Jef Geys (°1934, Leopoldsburg, Belgium) graduated from the Antwerp Art Academy and settled in Balen, in the Kempen region, where he worked as an art teacher at a girls school for more than 30 years. In fact, this was one of Geys's many ways to criticise society and art - a critique that is a fundamental value in its extensive, diverse and complex work.
Geys has been described as an artist stuck between a regional and international context, cut off from social reality. That is not necessarily true. In many respects, he is a disciple of Marcel Duchamp, who defended the strategy of undisclosed withdrawal. Geys has chosen to build his work on provincial references. All his exhibitions are accompanied by an issue of the newspaper Kempens Informatieblad, which he publishes himself and designs like a local, free circulation newspaper.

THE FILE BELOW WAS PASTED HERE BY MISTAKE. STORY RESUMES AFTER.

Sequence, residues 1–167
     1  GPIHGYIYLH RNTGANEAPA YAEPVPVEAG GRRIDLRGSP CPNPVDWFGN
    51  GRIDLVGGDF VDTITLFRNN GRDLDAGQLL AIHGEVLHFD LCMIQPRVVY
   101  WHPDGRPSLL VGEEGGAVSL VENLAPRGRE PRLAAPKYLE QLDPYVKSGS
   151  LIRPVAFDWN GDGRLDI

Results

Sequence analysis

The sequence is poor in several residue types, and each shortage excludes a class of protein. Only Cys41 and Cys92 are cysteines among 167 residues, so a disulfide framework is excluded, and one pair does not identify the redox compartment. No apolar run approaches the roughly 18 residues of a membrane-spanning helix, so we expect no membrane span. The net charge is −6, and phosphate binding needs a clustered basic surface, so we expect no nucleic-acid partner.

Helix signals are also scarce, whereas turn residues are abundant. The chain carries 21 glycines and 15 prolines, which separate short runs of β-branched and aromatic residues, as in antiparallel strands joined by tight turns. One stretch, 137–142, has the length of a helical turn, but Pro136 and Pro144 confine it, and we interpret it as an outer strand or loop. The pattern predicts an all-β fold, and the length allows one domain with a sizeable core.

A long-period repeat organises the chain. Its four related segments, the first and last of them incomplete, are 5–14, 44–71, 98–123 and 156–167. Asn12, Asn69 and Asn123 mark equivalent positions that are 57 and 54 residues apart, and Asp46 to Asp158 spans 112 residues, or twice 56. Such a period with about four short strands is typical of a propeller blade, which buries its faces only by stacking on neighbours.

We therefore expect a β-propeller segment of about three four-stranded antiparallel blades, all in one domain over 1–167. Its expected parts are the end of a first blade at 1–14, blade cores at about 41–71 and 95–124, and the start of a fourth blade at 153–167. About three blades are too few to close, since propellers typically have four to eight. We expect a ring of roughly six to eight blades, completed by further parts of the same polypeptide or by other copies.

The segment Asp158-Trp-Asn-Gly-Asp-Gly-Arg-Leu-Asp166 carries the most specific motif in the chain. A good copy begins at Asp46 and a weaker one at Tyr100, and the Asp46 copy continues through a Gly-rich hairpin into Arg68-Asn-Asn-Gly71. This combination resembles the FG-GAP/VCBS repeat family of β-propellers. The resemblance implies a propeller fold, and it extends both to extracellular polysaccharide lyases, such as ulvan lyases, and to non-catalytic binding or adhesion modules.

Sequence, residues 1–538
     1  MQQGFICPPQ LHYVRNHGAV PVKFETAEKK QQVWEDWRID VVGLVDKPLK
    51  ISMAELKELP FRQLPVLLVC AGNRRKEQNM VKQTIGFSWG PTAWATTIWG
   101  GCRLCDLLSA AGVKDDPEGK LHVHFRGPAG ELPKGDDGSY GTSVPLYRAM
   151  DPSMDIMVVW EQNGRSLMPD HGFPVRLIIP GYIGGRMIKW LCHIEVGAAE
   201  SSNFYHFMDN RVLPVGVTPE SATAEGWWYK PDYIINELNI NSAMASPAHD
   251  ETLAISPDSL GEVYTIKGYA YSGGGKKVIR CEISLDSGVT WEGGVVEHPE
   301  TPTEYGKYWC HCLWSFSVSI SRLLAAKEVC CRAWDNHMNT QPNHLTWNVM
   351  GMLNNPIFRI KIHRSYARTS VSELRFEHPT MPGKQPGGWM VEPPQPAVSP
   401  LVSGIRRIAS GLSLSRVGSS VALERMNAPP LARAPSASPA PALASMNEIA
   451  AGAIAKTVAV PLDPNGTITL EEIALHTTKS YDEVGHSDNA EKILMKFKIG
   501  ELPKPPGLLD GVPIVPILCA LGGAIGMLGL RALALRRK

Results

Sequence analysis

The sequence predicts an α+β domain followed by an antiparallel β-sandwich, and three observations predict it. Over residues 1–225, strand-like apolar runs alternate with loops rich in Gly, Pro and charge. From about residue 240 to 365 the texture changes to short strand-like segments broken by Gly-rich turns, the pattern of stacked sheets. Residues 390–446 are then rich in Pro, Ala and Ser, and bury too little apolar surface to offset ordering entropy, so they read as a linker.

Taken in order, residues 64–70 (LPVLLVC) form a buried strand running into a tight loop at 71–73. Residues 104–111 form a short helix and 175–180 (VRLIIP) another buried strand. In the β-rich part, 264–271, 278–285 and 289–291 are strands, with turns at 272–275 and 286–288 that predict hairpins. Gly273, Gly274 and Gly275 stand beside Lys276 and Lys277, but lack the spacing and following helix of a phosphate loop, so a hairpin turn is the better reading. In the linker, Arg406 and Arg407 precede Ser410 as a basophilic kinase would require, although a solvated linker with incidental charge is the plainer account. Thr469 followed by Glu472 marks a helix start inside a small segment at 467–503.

One of his most important strategies is subversion, which, as he rightly emphasises, can only ‘happen within the system’. In 1970, Geys was invited to prepare a solo exhibition in the Royal Museum of Fine Arts in Antwerp. He answered with a letter to the museum, - and to the Ministry of Culture, Defense and Justice - proposing to blow up the museum. Nevertheless, the exhibition took place the following year. This is characteristic of his method, which is focused on processes and seeks confrontation: Geys creates situations that are so full of contradictory potential that they threaten to inflate; by dismantling them, he shows the corrupting powers of the present reality even more compellingly.